Vox Day ensures we have “a public record of whose analysis was correct and whose was not”. I can think of no better company to be in than Derb’s and Z-Man’s, though some clarification for the benefit of the historical record is in order.
Who else merits quoting? There is no need to quote Never Trumpers like Jonah Goldberg and Ben Shapiro.
The criticism offered here is qualitatively different than that of those vacillating cucks. For one, they never wanted to get on the train and when they–or at least the latter, I’m constitutionally incapable of following Goldberg–reluctantly did so, it was only with the naive hope of taking the controls and running the train off the tracks.
To the extent I’m able to add value, it is informational and in this case also aims also to be prognostic. It’s not often polemical and rarely rhetorical, as those are not personal strong suits. See my money where my mouth is. Or just take a look at the assessment of Trump’s ‘abortion abomination’ in Wisconsin. Arguing his response logical and reasonable and could even redound to his benefit was a lonely place to be. Shapiro was of course doing what he does.
More importantly, the cucks Vox ropes us in with shriek and clutch their skirts every time Trump steps outside the Overton Window. They of the Respectable Right patrol the boundaries ensuring no one wanders past the perimeter as defined by the globohomo elite.
My bearish take on his political future, in contrast, results from his putting a punctuation mark on a trend that has been ongoing for several months now–that of Trump spending more and more time inside the Overton Window, rubbing shoulders with the swamp creatures he was sent in to flay.
The cucks withdraw support because they say he’s gone too far. We lose heart because he won’t go far enough.
How does the assessment that Trump’s presidency likely already hit its high water mark square with a recent post about how those fed up with Trump’s friendly gestures towards the opposition shouldn’t get worked up over his antics? In short because said antics had been, up until this point, empty gestures towards the opposition. This time, though, the empty gesturing was directed at the base.
As he was dying, the Roman emperor Severus allegedly told his sons (and successors) to take care of the army and scorn all other men. Trump can’t afford to scorn the Deplorables, especially when he is going to be asking them to vote for congressional Republicans on his account in six months. If we’re closing in on 50% of the way through Trump’s first term and the list of major MAGA agenda items remain 0% complete, that’s where they will stay through the duration of that single term.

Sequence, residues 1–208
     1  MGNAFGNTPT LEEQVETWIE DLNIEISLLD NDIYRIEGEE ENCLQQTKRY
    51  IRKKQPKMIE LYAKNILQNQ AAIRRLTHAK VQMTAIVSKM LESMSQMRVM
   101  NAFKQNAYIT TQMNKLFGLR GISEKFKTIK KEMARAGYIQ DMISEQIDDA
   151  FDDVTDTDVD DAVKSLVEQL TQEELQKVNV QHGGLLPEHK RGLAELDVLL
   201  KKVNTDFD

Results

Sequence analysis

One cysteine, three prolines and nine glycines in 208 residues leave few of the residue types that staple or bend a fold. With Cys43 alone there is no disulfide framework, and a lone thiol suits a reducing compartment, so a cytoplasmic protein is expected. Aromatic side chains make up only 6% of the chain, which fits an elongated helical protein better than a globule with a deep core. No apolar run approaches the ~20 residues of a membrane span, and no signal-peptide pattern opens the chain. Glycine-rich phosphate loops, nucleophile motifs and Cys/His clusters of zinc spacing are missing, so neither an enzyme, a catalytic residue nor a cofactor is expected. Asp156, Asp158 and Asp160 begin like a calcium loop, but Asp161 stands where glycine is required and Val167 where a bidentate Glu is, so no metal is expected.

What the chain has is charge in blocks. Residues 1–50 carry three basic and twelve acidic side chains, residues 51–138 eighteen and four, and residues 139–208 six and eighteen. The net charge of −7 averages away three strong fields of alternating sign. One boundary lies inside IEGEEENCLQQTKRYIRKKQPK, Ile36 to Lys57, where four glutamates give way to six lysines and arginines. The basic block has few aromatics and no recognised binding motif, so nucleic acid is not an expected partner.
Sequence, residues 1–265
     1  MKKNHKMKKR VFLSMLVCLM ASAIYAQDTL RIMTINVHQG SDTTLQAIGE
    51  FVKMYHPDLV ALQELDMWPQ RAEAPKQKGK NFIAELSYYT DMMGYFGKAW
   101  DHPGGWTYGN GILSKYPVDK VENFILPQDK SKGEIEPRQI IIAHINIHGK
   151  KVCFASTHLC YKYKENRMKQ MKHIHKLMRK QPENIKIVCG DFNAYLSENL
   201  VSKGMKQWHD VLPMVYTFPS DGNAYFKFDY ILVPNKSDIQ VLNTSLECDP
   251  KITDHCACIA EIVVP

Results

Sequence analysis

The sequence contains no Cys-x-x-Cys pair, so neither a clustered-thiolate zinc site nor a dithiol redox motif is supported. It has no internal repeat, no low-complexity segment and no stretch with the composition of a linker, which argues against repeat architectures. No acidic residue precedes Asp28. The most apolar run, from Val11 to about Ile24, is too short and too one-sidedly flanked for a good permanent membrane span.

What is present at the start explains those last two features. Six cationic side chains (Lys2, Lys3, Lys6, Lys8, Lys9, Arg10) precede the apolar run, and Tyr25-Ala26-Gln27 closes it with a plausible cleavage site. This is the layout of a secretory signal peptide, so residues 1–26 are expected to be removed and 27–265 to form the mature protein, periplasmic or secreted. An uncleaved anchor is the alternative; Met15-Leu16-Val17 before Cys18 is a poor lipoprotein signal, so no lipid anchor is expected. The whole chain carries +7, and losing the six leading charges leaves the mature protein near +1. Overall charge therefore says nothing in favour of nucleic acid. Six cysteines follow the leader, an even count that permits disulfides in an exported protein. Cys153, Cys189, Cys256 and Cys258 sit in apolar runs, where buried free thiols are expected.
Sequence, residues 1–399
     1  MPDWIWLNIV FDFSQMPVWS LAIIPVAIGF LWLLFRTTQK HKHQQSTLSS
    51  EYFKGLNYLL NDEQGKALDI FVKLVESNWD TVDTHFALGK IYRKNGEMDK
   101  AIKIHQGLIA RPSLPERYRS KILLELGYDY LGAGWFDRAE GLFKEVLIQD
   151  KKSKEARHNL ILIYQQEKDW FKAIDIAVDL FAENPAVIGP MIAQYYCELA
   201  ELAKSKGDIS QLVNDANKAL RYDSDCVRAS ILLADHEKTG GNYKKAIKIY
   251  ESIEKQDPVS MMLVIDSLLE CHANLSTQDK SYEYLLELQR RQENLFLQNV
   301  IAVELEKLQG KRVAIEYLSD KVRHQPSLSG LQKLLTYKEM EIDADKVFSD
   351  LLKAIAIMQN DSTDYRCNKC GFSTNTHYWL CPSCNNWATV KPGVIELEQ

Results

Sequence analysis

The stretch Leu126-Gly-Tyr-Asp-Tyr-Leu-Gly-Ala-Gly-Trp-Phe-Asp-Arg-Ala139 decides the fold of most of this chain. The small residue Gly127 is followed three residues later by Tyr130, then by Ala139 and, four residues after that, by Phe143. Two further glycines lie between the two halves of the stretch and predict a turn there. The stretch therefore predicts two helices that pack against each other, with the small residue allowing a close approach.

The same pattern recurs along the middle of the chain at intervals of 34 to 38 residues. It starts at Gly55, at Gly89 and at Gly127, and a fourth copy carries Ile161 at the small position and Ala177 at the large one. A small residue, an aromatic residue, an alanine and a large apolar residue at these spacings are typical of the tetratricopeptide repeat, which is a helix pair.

Suspecting the above will take place doesn’t mean I want it to. To the contrary. But with special elections we saw the initial ones go to Republican after Republican. By last November, though, the momentum had shifted. In Republicans’ subsequent three big losses, starting with the Virginia gubernatorial election, a major reason for the poor performance was on account of Deplorables who gave Trump the White House in 2016 staying home. In the case of many Pennsylvania voters, things got worse still, with many reverting back to their old habit of voting Democrat.
My closing was intentional. Gratuitous self-quote:
It is difficult to overstate how devastating this missed opportunity is.
Switching analogies, the MAGAs were on the Uniparty’s 30 yard-line, leading by six thanks to good game management. It was 3rd and 4 with 90 seconds left. Instead of running up the gut and either picking up the first down to run out the clock (veto sustained) or coming up short and having to settle for a field goal (veto overridden), the MAGAs decided to throw over the middle. The result was a pick six.
That’s probably the ballgame, but the MAGAs will get the ball back with a minute to march back down the field for the go-ahead score. Doing so (building the big, beautiful wall using funds from the $700 billion allotted to the military) isn’t inconceivable: